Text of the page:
If you’re facing charges as a defendant in Kentucky, understanding your legal rights and how the criminal justice system works is indispensable. One crucial aspect of this is knowing what it means to have charges dropped and understanding strategies that can be taken to make this happen. 

What Does Dropping Charges Mean in Criminal Cases?

Dropping charges in criminal cases refers to the act of withdrawing or dismissing one’s accusation or allegations. It puts an end to your case, meaning you are no longer facing prosecution. This is done by the prosecutor. 

Dropping charges is not the same as a judge dismissing charges for lack of evidence following a preliminary hearing. The distinction lies primarily in who initiates the action and at what stage in the proceedings. 

Dropping charges is an act carried out by the prosecutor, and it can theoretically happen at any point during proceedings prior to a verdict.

On the other hand, a dismissal after a preliminary hearing is done by the judge, and the prosecutor has no say in this matter. This can occur even if the prosecutor wishes to continue with the charges and believes there is enough evidence to make their case. 

Why Would the Prosecutor Drop Criminal Charges?

A prosecutor might make the decision to drop charges for several reasons. Some of the most common include the following: 

Witness Reluctance

The testimonies of witnesses are often crucial for establishing the facts of a case. If key witnesses undermine this process either by being unwilling or unable to testify, it will significantly weaken the prosecution’s case and could lead them to drop the charges. 

Lack of Victim Cooperation

Similar to witness reluctance, if victims are uncooperative, it becomes challenging for prosecutors to build a compelling case, and they may choose to drop the charges. 

Constitutional Violations

Suppose that during the course of the investigation, evidence was collected in a manner that violated your constitutional rights, such as through illegal search or seizure. There’s a very real chance that this evidence would be excluded from use at trial. If this happens, the prosecutor may have no choice but to drop the charges. 

Exculpatory Evidence

When new evidence surfaces that would cast significant doubt about your guilt, a prosecutor may take a second look at whether going forward with prosecution is justifiable. They might end up dropping the charges as a result.

Plea Bargaining

As part of plea bargaining negotiations, where you agree to plead guilty to a lesser offense than originally charged, the prosecutor may agree to drop more serious felony charges in exchange for your guilty plea to a misdemeanor.

Prosecutorial Discretion

Prosecutorial discretion is a powerful tool and plays a significant role in determining whether to move forward with charges. Prosecutors will look at factors like the quality of evidence available, public interest, and resources required to prosecute. If they believe it’s not the best decision to proceed with the case, they have the authority to drop the charges.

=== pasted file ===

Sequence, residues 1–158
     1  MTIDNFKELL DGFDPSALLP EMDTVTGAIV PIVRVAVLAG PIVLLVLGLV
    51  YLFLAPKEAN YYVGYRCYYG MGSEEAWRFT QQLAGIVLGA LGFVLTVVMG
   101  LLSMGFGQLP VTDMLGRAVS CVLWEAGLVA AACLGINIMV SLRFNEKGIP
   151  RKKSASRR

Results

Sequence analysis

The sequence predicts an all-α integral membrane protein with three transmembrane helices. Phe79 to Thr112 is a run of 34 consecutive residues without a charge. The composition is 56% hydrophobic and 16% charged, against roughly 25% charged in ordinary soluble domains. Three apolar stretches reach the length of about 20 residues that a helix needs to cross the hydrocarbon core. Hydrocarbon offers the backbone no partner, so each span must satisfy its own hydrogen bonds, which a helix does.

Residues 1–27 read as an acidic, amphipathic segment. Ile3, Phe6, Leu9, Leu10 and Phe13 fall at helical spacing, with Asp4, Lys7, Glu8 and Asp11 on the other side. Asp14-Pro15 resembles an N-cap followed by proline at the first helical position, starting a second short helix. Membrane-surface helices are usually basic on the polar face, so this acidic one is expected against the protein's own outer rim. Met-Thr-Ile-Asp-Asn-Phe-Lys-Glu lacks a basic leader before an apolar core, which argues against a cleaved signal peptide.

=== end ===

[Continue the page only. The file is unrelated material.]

The decision to drop charges in criminal cases involves various considerations. Understanding these factors can provide a better grasp on how the process works and how to best approach your case. 

The Alleged Victim Does Not Have the Power to Drop Charges 

A common misconception is that the victim in a criminal case has the power to drop charges. However, it is important to understand how criminal prosecutions work. When you are charged with a crime, your offense isn’t just against an individual; it’s also against society or the state.

A victim’s concerns and desires may greatly influence a prosecutor’s decision about whether to pursue or drop charges in certain situations – particularly when it comes time for court proceedings. However, the victim does not have unilateral authority over these decisions.

This can sometimes create tension between personal wishes and legal procedure if a victim does not want to see someone prosecuted but authorities decide otherwise given their assessment of public interest considerations.

A Victim Could Decide Not to Cooperate 

If a victim decides not to cooperate with the process – for instance, by refusing to show up to testify – that will impact the strength of the prosecutor’s case. It can create difficulty in procuring the necessary evidence or corroboration required to prove certain elements beyond a reasonable doubt. This could lead a prosecutor to drop charges.

This isn’t an absolute though—in theory, the court does hold the power to issue a bench warrant for a victim which would force them to show up to court, as they’d be arrested and brought in.  

However, this force-based approach isn’t often sought, as it just isn’t good practice to victimize people by forcing them to testify. This is usually reserved for very serious cases only. 

Contact Our Louisville Criminal Defense Attorneys For Help With Your Charges

For more information, contact the criminal defense attorneys at Suhre & Associates DUI and Criminal Defense Lawyers give us a call today at (859) 569-4014 or visit us at our Lexington law office.

Suhre & Associates DUI and Criminal Defense Lawyers
214 S Clay St A
Louisville, KY 40202

(502) 371-7000